The opening of a Veterans Administration health care clinic in Lake Charles is facing another setback. Members of Congress have — once again — given us a perfect example of the devious games Democrats and Republicans play in Washington, D.C., for purely political reasons.
The U.S. Senate Thursday sidetracked a bill that would have expanded health care and provided education and job-training benefits for the nation’s 22 million veterans at a 10-year cost of $21 billion. The measure needed 60 votes to keep it moving through the legislative process, but it came up four short (56-41). U.S. Sens. Jerry Moran of Kansas and Dean Heller of Nevada were the only Republicans voting with Democrats.
A Lake Charles clinic is only one of 27 medical facilities that would have been opened in 18 states. Lafayette is also among that number. U.S. Rep. Charles Boustany, R-Lafayette, who represents this corner of the state, said the House last year overwhelmingly passed legislation to authorize the new medical clinics.
“… Instead of expediting passage of this bill by unanimous consent, senators locked it in a larger controversial veterans’ bill that cannot pass either chamber. This all-or-nothing approach guarantees that veterans will continue receiving low-quality care in an unaccountable system,” Boustany said.
The entire Louisiana congressional delegation has been fighting for the two Louisiana clinics for a long time. U.S. Sen. Mary Landrieu, D-La., expressed the sentiments of delegation members.
“I’m frustrated that bureaucratic red tape and now congressional gridlock is preventing us from providing convenient access to quality health care for Southwest Louisiana veterans,” Landrieu said. “It has taken far too long to green-light these two veterans clinics in Lake Charles and Lafayette, and the ongoing delay is completely unacceptable.”
U.S. Sen. Bernard Sanders, a Vermont Independent, is chairman of the Senate Veterans Affairs Committee and author of the legislation. He said the fight for veterans isn’t over.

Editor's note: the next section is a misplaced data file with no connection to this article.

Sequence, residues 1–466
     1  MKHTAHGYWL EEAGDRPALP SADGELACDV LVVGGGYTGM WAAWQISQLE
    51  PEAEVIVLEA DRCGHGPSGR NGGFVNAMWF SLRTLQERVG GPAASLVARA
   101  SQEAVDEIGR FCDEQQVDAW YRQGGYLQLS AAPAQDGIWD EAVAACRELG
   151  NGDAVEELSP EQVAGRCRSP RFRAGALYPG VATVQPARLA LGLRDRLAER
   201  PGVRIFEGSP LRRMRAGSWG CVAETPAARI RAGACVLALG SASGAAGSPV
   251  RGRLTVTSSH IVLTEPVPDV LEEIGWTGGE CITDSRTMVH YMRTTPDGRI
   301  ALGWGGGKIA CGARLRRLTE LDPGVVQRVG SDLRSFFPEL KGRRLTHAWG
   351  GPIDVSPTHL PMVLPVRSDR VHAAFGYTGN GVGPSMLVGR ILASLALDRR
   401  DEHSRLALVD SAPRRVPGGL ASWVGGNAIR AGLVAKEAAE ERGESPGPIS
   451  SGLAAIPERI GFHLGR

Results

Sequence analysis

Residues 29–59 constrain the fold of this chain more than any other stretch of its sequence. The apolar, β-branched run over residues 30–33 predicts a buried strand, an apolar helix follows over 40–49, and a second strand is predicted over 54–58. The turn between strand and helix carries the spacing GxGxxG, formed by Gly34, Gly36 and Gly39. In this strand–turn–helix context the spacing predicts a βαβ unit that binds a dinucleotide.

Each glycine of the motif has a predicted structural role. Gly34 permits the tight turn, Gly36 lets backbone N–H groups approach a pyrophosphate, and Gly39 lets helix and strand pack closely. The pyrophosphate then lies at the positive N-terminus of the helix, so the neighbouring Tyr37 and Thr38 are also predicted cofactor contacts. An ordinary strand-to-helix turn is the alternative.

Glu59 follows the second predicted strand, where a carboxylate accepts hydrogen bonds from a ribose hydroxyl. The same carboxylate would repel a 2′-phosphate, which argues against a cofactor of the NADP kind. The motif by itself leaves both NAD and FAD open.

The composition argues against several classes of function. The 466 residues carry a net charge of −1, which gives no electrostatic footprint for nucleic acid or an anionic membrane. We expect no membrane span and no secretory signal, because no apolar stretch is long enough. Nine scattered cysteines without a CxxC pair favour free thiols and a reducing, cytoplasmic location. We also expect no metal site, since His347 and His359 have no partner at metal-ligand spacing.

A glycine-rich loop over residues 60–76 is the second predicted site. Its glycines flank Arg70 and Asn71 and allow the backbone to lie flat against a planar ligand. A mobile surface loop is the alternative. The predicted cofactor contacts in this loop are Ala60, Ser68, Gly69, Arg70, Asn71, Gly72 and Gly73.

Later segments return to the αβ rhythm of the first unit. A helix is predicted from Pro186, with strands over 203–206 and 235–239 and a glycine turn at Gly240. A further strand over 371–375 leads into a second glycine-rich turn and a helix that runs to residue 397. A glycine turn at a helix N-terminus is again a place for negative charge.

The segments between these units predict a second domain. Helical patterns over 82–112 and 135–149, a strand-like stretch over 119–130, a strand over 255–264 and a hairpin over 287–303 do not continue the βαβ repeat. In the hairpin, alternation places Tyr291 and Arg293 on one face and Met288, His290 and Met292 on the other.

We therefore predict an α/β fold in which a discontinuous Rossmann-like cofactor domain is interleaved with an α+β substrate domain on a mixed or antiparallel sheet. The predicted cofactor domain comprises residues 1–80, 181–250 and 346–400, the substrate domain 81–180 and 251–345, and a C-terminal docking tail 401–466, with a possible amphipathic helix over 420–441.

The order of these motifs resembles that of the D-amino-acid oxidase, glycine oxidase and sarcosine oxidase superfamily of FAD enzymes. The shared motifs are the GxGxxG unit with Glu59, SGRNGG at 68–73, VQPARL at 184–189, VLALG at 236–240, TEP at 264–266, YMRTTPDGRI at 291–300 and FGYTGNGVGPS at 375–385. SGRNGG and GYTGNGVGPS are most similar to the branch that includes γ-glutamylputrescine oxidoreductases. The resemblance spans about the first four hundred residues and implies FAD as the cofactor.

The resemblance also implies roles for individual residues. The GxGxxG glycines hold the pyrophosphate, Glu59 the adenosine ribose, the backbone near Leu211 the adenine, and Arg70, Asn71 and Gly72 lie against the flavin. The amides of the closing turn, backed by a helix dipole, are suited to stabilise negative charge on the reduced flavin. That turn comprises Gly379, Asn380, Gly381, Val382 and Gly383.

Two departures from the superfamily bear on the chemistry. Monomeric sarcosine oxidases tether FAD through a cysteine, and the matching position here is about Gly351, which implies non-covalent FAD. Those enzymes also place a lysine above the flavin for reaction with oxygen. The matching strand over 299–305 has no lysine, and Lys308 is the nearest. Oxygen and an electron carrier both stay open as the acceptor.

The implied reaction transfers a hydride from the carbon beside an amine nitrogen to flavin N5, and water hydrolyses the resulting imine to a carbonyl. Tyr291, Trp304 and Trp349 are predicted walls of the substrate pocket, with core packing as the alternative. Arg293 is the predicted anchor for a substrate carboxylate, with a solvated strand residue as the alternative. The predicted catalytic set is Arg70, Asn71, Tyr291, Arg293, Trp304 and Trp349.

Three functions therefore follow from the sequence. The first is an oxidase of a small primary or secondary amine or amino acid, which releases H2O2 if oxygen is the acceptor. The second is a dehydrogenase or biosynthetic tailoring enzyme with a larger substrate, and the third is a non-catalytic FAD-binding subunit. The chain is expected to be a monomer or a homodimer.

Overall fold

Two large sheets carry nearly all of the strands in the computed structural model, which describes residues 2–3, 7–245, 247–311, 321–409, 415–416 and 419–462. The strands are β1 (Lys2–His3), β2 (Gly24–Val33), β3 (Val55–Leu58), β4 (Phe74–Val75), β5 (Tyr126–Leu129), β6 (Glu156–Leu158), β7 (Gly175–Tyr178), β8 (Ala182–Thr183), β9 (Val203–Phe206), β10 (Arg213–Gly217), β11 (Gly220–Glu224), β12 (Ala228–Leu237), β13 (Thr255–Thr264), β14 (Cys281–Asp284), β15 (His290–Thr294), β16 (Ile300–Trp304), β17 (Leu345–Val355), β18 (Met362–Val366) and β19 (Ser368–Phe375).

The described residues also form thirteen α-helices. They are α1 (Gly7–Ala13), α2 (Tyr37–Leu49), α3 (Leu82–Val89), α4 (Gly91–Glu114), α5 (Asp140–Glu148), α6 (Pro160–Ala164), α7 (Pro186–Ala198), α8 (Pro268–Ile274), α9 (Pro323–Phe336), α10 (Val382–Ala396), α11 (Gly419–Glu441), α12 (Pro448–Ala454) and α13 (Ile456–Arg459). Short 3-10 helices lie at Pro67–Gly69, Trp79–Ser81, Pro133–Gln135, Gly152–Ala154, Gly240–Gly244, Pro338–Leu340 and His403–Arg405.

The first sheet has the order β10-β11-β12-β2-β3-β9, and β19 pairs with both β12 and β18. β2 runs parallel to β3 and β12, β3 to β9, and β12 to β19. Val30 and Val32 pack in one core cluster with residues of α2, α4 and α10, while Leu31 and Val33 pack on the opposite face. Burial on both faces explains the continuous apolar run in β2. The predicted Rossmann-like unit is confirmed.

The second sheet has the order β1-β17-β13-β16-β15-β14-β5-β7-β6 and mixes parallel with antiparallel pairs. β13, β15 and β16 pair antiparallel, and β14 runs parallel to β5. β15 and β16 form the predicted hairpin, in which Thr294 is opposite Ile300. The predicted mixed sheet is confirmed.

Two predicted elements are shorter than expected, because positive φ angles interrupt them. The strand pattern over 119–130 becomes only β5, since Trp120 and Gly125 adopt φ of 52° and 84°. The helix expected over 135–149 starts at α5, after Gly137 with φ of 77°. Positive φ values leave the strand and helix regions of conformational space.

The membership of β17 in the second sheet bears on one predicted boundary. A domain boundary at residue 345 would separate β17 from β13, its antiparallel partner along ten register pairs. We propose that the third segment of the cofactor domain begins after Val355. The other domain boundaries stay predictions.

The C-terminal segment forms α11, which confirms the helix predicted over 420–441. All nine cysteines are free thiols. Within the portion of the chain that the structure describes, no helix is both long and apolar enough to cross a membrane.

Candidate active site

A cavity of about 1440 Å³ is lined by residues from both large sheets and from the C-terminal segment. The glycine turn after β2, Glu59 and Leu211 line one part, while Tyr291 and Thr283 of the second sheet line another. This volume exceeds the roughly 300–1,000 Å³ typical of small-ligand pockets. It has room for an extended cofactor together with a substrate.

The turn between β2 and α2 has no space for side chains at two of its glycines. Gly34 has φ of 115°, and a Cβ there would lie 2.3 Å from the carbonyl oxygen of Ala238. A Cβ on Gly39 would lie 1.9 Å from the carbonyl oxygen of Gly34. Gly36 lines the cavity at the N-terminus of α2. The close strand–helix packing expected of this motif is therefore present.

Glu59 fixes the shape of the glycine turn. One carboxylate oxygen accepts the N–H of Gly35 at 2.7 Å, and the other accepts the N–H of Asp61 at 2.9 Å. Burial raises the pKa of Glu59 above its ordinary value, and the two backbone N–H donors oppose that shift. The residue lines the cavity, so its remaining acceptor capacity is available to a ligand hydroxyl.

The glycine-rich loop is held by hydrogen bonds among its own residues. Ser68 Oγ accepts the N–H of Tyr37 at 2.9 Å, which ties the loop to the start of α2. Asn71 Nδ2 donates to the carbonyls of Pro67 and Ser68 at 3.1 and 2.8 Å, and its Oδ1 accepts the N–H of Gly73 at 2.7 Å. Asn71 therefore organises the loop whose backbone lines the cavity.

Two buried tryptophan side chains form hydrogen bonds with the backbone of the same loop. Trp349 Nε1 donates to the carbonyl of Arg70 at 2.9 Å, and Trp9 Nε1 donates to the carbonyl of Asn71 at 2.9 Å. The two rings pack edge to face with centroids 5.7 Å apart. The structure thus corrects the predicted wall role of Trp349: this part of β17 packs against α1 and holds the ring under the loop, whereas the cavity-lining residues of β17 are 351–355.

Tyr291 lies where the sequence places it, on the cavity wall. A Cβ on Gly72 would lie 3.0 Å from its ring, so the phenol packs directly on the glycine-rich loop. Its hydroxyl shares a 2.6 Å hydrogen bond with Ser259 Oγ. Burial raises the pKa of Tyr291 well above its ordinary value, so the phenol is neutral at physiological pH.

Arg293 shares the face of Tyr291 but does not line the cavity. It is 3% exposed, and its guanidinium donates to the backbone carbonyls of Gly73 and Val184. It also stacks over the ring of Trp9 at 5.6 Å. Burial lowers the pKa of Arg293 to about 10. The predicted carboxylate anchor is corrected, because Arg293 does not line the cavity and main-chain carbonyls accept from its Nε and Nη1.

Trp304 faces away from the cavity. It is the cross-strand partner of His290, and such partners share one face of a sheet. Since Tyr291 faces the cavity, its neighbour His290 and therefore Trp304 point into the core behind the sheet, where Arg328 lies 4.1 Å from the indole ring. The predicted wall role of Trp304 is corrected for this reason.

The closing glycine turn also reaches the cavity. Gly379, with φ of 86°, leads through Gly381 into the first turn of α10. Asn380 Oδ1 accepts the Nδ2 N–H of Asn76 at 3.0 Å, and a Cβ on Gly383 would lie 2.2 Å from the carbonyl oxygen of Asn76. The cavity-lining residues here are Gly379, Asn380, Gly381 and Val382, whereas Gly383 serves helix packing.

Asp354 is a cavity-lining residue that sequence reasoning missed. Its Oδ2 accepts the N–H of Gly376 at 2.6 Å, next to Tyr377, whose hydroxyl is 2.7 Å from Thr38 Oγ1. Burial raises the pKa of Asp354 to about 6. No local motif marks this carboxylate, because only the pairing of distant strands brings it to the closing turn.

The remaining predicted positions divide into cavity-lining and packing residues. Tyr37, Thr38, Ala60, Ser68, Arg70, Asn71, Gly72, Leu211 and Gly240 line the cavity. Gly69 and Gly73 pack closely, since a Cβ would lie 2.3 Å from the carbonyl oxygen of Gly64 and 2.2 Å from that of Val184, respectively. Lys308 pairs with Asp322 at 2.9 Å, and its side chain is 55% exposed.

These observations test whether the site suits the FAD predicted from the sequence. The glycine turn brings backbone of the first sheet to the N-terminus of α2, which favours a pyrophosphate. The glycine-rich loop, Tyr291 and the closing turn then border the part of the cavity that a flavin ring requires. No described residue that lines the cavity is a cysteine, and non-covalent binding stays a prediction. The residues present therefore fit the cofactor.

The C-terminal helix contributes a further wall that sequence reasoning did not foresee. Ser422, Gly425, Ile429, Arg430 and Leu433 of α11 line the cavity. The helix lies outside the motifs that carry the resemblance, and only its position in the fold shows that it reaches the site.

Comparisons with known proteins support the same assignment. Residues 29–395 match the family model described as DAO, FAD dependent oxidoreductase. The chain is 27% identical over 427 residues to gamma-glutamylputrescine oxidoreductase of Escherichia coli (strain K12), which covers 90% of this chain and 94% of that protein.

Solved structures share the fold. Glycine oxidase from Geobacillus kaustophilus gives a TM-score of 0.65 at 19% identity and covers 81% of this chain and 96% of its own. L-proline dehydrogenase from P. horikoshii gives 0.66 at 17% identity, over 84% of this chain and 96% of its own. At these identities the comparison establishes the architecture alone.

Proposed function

“I am proud that we received every Democratic vote and that two Republicans also voted with us,” Sanders said in a statement. “In the coming weeks, I will be working hard to secure three additional Republican votes, and I think we can do that.”
Republicans offered some legitimate reasons for opposing the legislation, but they lost the initial public relations war on this issue. Newspaper headlines and veterans groups were quick to blame the GOP for the defeat. Sanders was especially hard-hitting.
“I personally, I have to say honestly, have a hard time understanding how anyone could vote for tax breaks for billionaires, for millionaires, for large corporations and then say we don’t have the resources to protect our veterans,” he said.
Daniel M. Dellinger, national commander of the American Legion, said, “I don’t know how anyone who voted ‘no’ today can look a veteran in the eye and justify that vote. Our veterans deserve more than what they got today.”
Paul Rieckhoff, founder and chief executive officer of Iraq and Afghanistan Veterans of America, said, “Republicans blame Democrats. Democrats blame Republicans and veterans are caught in the crossfire. Veterans don’t have time for this nonsense and veterans are tired of being used as political chew toys.”
U.S. Sen. Jeff Sessions, R-Ala., spoke for Republicans, saying, “We’re not going to be intimidated on this. We’re going to do the right thing for the veterans of America.”
Republicans said the bill was being paid for with money that would be saved when U.S. troops leave Iraq and Afghanistan, but those aren’t real savings. They added that the additional benefits, some of them questionable, would overwhelm current VA medical facilities that are already flawed, overburdened and years behind in processing claims.
Typical of the questionable benefits provided for in the bill is one of its more than 140 provisions that would give memberships at private health clubs to overweight veterans who live more than 15 minutes away from a VA gym.
Democrats weren’t free of political manipulations. Senate Majority Harry Reid, D-Nev., refused to allow votes on a GOP amendment that would have reduced the cost of the bill and added sanctions against Iran for its nuclear program. President Obama doesn’t want the sanctions, but the other part of the amendment might have been accepted by the Senate. There is simply no longer any give-and-take on controversial issues.
This is another example of a congressional system that gives too much power to the Senate Majority Leader and the Speaker of the House. They decide which bills get heard and when, and punish members of their party who don’t follow their lead.
The Associated Press reported that Republicans don’t fear any backlash for their votes because the Democratic bill would have hampered veterans’ services and flooded the VA health care system. Many of them also believe other issues like the president’s health care law are what really captures voters’ interest.
Obamacare isn’t popular, no doubt about that. However, Republicans are deceiving themselves if they think those 22 million veterans and their families aren’t going to hold this vote against their party. Yes, the Democrats are just as uncompromising, but they did vote for the Senate veterans bill.